"Most people turn a corner, Neil ricochets," says the Crazy Horse guitarist

For our end of year issue, I wrote a cover story about Neil Young’s 2014. Among the many people I interviewed was Crazy Horse guitarist, Poncho Sampedro, who’s been playing with Neil for 40 years. I thought it might be nice to share the full transcript – it’s over 6,000 words long, and covers a lot of ground. We started off talking about the current state of Billy Talbot’s health, the Crazy Horse bassist who’d suffered a minor stroke earlier in the year. For the record, our interview took place on November 3, 2014; a few days before the death of bassist Rick Rosas, who’d deputised for Talbot during the band’s 2014 tour dates.

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How’s Billy doing?
I talked to him last week. He seemed to be fine. He went to The Bridge concert and I also talked to some people who saw him there and they said he looked fine. He looked just the same as ever, just maybe moving a little slower. He’s just finished another record, he’s working on his own music. I talked to him he said he played piano on a lot of songs and he’s playing guitar and bass. Al his faculties are back. He’s got to gather his strength, they put you on a lot of medications when you have a stroke. So it’ll be a matter of time before they take him off some of those.

You’d been rehearsing with Billy before he had a stroke?
We rehearsed for three days for that tour at the Fox Theater in Oakland, California. Rehearsals were going really well. We had a set made up, at least a lot of possibilities for a set. Neil was going to work on that. We were going to have a few more days to rehearse in Iceland before we started. Then I came home from that. I got a phone call the next day; on the drive home, Billy was driving from Oakland to South Dakota and that’s where he suffered the stroke. I got a phone call from Elliot Roberts telling me that Billy had a stroke. We were pretty worried at that time. His wife was driving. He actually told me, it was kind of odd, he said he didn’t even know that he had a stroke. They stopped, I guess at Salt Lake City, Utah, he said then when he went to step out of the car, his foot wouldn’t work. He said, ‘If I hadn’t got out of the car I wouldn’t even know that I’d had a stroke.’ So I guess it was a mild stroke, my mother had a few mild strokes and she said she just felt like she took a nap. So unless it’s something that really disables part of your system, you don’t notice it too much.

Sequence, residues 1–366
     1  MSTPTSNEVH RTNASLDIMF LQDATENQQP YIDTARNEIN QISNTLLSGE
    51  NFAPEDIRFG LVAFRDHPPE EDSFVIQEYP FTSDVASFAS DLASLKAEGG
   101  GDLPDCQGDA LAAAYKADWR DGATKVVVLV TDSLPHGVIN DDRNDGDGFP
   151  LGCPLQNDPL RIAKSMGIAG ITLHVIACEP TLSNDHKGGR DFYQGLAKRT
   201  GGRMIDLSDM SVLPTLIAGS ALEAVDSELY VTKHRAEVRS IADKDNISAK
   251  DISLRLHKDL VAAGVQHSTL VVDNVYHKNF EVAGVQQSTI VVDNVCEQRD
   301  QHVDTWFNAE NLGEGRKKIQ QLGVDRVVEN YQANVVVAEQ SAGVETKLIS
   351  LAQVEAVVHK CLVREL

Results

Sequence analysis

Was it ever likely the tour might not happen?
My first inkling when Elliot called me was the tour is cancelled. Then the next day, I got a call from Neil and he said he talked to Rick Rosas and said, “We got a bass player, we can do this.” He said, “Why don’t you just sing most of Billy’s parts?” You know I don’t sing that often in the band. I’m not the world’s best harmony singer, in fact I pretty much suck at it. If I know a part, once I get it, I can sing it over and over again forever. But getting it is the hard thing! I was enthusiastic that morning. I told Neil, “Yeah, I’ll fill in for Billy, I’ll take over, I’ll do what I can.” I worked on it all that day. I went through all the songs we had, I started singing background parts to figure out Billy’s parts. I remember I called Neil back the next morning, my voice was hoarse. I said, “Neil, I can’t do it. I’m going to be the cause of really screwing up some shows if I have to sing on all of those. It’s not going to be fun.” He said, “Don’t worry, we’ll get some background singers.”

  1. 1. Introduction
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